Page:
Rising Icelandic folk-pop star Árný Margrét is, quite simply, one of those unforgettable voices. Seemingly singing her soul, she brings the texture of her home in the Westfjords of Iceland, where she first intended to write simply for herself, and fuses it with her mellow guitar chords with poetic thoughts.
Hers is a style of simple-meets-poignant songwriting that’s gone international through how gracefully it bares the young vocalist’s older-feeling soul.
For shining examples, take the closing track on the singer’s debut album ‘They Only Talk About The Weather’, entitled ‘Abandoned’, on which her voice briefly cracks as she sings of forgiveness, or the gentle low-key lullaby of ‘The World Is Between Us’, on which her vocal reaches yet new highs. This is a strange road for Árný, but a beautiful and unexpected one.
“It’s strange,” she laughs when we talk of her breakthrough. “I think my songs get a new life when you play them for people. I still try to be myself, like when I used to write these songs in my room. Where I come from is a small town isolated from everything. The weather is very dramatic and contrasting, sunny one day and snowy the next, and the mountains are in your face. It has a real effect on everyday life.”
“I try to write wherever I am, but some songs come together really slowly over a long period. I also write on the plane or in the car. The new EP is less about the weather, as I haven’t been home much. It’s more about myself and the things around me. My songs are literal and honest, but they can be understood in different ways, so it’s about interpretation.”
“‘Abandoned’ is last, with no instruments, just a single-take recording with guitar and vocal, and I give it everything. It’s very sad and vulnerable, and it’s a lot. I find that creepy to do on stage, so I’ve only done ‘Abandoned’ once or twice live, as I find it scary. But I’m really trying to do it more often.” [a few hours after our chat, Árný plays ‘Abandoned’ as part of her set, much to our surprise and delight].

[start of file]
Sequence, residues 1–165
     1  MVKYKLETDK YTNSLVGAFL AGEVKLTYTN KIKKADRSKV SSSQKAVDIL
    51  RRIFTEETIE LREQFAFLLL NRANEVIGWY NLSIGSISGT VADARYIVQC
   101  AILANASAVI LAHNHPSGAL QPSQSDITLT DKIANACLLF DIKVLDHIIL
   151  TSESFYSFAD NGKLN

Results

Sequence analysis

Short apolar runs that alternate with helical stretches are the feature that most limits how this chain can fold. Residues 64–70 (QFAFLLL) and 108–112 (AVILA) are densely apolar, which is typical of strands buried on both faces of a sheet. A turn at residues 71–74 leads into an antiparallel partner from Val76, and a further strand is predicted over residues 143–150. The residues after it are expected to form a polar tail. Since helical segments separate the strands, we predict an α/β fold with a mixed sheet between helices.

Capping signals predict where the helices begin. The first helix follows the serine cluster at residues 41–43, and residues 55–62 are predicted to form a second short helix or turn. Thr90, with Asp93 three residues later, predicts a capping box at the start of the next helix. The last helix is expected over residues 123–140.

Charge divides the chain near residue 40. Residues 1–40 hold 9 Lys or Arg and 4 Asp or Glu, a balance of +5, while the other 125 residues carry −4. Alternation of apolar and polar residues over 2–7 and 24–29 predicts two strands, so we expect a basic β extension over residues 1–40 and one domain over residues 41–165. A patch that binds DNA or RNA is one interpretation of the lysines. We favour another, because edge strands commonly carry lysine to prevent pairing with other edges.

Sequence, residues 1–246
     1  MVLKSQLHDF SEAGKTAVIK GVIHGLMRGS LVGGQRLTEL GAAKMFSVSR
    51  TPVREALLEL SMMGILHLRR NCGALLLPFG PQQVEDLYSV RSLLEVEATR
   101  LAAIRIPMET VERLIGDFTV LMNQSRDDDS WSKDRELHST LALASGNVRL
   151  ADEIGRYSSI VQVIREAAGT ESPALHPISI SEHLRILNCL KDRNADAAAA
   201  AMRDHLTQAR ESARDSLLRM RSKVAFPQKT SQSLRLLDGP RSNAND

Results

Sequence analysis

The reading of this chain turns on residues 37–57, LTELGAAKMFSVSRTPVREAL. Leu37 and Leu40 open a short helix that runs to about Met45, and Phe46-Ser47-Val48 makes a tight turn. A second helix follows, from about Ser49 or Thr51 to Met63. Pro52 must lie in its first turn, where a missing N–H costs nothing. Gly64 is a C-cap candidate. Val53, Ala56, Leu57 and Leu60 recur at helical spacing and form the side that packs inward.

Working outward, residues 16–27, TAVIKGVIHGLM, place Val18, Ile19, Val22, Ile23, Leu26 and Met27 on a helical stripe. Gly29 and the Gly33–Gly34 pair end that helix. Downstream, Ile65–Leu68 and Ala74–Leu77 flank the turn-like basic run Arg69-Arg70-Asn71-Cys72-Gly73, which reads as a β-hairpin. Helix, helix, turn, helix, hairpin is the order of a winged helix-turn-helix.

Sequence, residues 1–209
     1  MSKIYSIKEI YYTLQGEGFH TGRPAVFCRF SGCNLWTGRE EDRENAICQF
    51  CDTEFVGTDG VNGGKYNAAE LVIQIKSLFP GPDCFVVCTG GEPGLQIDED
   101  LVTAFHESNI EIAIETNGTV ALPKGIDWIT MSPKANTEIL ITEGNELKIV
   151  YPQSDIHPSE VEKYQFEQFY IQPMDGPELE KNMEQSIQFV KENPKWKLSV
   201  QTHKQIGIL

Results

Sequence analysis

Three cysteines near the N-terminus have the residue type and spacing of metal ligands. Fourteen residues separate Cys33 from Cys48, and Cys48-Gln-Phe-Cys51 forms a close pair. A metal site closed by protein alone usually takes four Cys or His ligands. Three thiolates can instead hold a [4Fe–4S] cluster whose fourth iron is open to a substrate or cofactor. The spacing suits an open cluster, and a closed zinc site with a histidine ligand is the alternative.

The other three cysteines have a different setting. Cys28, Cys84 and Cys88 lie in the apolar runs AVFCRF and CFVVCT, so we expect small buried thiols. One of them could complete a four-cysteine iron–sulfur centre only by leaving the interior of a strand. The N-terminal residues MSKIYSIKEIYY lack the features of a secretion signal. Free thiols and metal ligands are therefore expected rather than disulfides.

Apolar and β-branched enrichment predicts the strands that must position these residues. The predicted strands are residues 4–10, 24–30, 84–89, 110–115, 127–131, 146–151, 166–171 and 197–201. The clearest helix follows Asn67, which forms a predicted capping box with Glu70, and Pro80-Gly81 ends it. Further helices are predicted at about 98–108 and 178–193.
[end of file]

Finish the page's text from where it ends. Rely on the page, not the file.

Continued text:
Árný’s breakthrough story comes in part through an Icelandic music icon known simply as ‘Kiddy’, who also produced the album. “He’s around everything, and he knows everyone in the industry,” she says. “When I heard from him, I wasn’t really playing live at all. He saw me in a recording, so I went to his studio and played ten songs, just sat in a chair. I left all my lyrics behind in his studio, so he texted me to tell me to come back.”
“I came back to collect my stuff and did ten more songs, and by then he was into the idea of doing something. The EP and album came after that. It was Gregory Alan Isakov that got me going, though. I was 14 when I found his songs ‘Amsterdam’ and ‘Second Chances’, and I went from that to teaching myself his songs, lots of covers. It took learning his music over time to think maybe I could do something.”
“I think when I write songs, they have to really mean something and say something. They can’t be useless information about my day or whatever, so that’s how I try to write. When it comes out from the other end, it’s not about what I meant with the song anymore. It’s about listening to a story, in some way, but also about what it means to the listener. A conversation.”
There’s a raw truth in Árný’s journey from isolation to the conversation she speaks of, but there’s also a simple beauty: this music works because it delivers a message from the heart with incredible vocal and poetic ability. The combination sends shivers.
Árný Margrét’s new single ‘I Went Outside’ is out now, with an EP due to follow in the coming months.
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